What is the Agile Method? How does it help you?
SA: Agile is a methodology — it’s an iterative work process. You can adapt it as a way of doing more than just technology work, however, it works particularly well for software development.
Agile helps us focus on project management and work toward our goals. It forces us to ask: How can we launch things faster? How can we incorporate everyone’s feedback? How can we prioritize what we are tasked with? How do we get buy-in from all the folks involved?
You introduced Agile four years ago. Why?
SA: The digital landscape is changing, and we needed to change with it. We wanted to organize work into smaller portions so we could get things done faster and introduce a minimum viable product earlier. We wanted to organize our teams to work on projects in a faster cycle, broken down into small portions that are accomplishable, actionable, and digestible for all the individuals who work on them.
In a typical project, you end up thinking big picture, to the point where sometimes you can be overwhelmed. But if you take that big concept and break it down into small portions, you can organize your work in such a way that allows you to prototype and work in an iterative process to create a better product at the end faster than you might otherwise.
To be successful at Agile, you need to be agile.
What role does Agile play within your IT department?
SA: Because we do custom programming for our digital channels, it was natural for us to adopt Agile to prototype faster. Agile speeds up the process and allows you to incorporate feedback before you’ve completed the whole thing. In traditional IT work, you gather all your requirements in the beginning and then create your project in a vacuum. By the time you deliver it, quite a bit of time has passed. In some cases, you possibly have an out-of-date product that is no longer relevant to the individuals you’ve made it for.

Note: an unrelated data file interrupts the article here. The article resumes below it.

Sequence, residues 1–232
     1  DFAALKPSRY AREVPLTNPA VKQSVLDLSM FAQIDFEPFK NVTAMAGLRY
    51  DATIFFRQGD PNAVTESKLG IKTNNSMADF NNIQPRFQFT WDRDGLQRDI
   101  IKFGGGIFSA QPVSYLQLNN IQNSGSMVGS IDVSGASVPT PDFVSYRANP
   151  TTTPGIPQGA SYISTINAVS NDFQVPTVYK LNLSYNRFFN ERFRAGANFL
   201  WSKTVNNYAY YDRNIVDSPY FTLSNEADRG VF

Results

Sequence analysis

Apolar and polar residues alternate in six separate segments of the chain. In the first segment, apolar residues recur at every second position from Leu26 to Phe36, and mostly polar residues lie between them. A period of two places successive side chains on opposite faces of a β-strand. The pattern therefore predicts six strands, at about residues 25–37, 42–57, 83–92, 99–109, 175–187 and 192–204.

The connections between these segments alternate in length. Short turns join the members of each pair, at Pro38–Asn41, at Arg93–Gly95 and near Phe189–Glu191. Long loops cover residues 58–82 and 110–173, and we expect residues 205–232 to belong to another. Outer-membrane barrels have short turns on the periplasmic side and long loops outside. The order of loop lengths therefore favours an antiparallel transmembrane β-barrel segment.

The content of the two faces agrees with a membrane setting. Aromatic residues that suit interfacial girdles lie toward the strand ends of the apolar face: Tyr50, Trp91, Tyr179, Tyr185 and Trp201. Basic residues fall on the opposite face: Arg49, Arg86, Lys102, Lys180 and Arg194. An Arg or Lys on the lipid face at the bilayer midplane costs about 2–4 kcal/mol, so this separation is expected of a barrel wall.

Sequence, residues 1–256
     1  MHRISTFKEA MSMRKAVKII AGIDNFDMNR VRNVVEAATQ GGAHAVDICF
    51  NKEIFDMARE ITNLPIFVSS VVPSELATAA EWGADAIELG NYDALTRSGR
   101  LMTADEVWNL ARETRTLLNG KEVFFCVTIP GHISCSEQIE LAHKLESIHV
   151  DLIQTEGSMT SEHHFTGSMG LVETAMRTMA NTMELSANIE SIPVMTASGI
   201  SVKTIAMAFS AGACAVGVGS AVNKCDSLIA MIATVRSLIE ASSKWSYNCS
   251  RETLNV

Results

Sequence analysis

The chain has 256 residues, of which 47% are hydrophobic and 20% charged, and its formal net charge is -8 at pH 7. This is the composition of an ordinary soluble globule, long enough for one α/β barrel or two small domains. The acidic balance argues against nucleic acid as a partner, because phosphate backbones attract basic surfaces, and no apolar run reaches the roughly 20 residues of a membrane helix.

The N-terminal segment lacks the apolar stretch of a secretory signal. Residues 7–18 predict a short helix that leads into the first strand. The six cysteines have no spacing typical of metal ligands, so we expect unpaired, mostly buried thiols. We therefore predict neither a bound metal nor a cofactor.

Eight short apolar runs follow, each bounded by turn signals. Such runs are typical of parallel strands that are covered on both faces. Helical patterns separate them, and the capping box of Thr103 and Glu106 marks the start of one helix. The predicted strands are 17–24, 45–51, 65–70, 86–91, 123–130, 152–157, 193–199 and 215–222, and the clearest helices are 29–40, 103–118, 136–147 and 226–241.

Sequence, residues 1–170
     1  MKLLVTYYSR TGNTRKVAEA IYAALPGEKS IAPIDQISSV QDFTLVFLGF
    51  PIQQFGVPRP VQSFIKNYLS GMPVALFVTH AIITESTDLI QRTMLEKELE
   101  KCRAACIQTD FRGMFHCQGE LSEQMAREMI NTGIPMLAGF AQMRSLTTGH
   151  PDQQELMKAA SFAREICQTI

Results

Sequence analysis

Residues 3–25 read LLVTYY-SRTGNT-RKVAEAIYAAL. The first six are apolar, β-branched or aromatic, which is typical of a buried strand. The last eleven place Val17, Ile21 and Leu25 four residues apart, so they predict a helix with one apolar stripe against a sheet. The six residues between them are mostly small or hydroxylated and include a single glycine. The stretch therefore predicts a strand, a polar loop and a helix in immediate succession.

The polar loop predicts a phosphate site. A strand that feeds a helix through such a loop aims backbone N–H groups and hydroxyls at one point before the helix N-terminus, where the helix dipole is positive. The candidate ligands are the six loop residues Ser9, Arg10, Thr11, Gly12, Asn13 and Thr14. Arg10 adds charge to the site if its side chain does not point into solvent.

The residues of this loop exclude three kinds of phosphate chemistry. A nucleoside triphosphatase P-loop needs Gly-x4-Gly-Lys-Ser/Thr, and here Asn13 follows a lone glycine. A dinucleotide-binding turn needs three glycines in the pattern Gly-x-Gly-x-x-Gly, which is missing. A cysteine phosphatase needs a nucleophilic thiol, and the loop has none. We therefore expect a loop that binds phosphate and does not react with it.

In today’s world, you can’t wait that long. You have to determine what the minimum viable product is that will be usable and provide value. You can continue to work on it to add features and create a more robust product. Get the important stuff out there, let people interact with it, receive feedback, and iterate from there.
What degree of internal buy-in do you need for this to take root?
SA: When you roll out a project, you need everyone to understand you’re starting with something small and growing it. For some that’s a mind shift they have to work around. Some say, “I want this cool thing with all these features. It’s going to be amazing.” We have to say, “Great. Let’s start with this one little piece.” That can be difficult for some.